Congress is poised to approve another quarter-trillion dollars in COVID-19-related unemployment benefits even though the nation’s patchwork, state-based system remains vulnerable to the same rampant fraud that allowed scammers last year to siphon off more than $40 billion in pandemic relief intended for needy Americans.
That means the $1.9-trillion stimulus package headed for approval in Congress this month — including another $260 billion in unemployment insurance — is likely to bring another windfall for cyber criminals, including many foreigners impersonating laid-off workers and exploiting loopholes created by last year’s CARES Act relief bill.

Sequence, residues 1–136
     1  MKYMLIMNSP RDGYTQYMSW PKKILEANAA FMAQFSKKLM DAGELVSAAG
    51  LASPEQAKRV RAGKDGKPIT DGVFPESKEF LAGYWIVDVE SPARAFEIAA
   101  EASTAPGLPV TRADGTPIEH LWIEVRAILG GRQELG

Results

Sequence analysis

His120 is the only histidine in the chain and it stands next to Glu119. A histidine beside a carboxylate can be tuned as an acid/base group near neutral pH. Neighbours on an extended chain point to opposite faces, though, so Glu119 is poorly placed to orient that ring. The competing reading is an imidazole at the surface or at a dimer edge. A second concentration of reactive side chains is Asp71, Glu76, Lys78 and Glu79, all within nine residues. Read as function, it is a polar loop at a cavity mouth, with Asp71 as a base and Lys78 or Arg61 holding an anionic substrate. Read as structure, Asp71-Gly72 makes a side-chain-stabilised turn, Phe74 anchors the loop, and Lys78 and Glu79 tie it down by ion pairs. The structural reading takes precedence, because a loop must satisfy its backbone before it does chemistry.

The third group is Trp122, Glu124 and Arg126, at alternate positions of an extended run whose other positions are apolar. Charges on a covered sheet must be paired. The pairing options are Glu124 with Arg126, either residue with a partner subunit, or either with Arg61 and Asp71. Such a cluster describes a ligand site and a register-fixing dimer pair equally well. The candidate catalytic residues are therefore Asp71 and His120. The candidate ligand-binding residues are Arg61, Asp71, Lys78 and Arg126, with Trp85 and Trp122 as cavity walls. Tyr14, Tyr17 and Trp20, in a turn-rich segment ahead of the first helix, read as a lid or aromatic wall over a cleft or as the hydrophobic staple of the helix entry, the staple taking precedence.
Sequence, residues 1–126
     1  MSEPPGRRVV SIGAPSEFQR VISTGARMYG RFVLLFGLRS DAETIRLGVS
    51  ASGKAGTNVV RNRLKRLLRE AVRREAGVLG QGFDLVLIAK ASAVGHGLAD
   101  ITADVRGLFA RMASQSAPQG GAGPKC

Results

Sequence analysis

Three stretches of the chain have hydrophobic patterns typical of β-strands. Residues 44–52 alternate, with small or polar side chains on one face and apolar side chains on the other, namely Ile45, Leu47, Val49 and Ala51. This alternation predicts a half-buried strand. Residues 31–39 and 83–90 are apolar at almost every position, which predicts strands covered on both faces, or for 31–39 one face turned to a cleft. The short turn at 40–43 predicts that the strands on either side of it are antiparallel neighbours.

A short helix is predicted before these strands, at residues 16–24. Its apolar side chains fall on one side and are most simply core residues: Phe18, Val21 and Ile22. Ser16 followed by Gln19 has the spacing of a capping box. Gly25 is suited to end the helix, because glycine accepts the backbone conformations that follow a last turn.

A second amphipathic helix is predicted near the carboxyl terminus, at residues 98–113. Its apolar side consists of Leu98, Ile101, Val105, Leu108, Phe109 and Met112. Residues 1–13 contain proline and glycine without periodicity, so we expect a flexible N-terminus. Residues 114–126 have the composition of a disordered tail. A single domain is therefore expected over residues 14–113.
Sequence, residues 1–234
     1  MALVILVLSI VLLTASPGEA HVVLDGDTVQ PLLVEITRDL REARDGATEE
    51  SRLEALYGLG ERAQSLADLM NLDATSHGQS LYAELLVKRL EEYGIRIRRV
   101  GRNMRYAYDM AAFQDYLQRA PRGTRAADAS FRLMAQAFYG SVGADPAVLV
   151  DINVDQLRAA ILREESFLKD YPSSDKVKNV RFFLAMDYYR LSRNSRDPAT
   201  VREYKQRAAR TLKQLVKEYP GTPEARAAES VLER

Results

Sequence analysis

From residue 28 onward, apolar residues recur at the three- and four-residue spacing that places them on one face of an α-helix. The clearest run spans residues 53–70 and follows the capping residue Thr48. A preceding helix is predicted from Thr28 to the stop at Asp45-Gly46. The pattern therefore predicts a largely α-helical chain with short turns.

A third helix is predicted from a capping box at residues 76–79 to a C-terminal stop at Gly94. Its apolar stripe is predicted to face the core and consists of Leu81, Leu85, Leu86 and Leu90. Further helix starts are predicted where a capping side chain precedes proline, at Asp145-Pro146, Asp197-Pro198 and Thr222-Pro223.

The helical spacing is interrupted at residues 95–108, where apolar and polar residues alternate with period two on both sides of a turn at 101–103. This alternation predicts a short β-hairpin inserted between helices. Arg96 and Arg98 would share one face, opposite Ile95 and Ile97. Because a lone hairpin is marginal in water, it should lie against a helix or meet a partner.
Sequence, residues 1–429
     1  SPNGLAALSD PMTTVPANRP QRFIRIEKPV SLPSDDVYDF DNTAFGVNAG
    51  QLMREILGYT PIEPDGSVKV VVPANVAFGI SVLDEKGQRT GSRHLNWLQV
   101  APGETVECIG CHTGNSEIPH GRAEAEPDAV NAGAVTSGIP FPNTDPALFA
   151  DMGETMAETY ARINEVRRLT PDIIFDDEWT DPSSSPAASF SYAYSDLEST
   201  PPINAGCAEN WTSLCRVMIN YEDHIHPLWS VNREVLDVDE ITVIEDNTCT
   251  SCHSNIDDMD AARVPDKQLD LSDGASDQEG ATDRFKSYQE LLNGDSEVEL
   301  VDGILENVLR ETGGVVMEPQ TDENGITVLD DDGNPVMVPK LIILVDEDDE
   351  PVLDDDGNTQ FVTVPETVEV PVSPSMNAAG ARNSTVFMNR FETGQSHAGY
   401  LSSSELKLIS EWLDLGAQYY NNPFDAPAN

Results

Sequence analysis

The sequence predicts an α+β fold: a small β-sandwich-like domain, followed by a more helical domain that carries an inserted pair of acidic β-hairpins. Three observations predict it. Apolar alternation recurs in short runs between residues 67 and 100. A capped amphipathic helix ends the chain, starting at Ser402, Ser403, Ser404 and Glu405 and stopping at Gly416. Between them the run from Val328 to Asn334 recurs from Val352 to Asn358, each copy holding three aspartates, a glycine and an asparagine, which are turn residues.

“It’s like Christmas for the fraudsters,” said Haywood Talcove, chief executive of information firm LexisNexis Risk Solutions, who says the government should adopt tougher anti-fraud safeguards to verify the identity, work history and location of applicants. “I wouldn’t let another penny go out until the government puts some of these tools in place to prevent it.”
Cybercrime experts, including some who once made their living exploiting weak online systems, warn that as Congress prepares to pass another mass infusion of cash, criminals have gotten smarter, but the federal government hasn’t.
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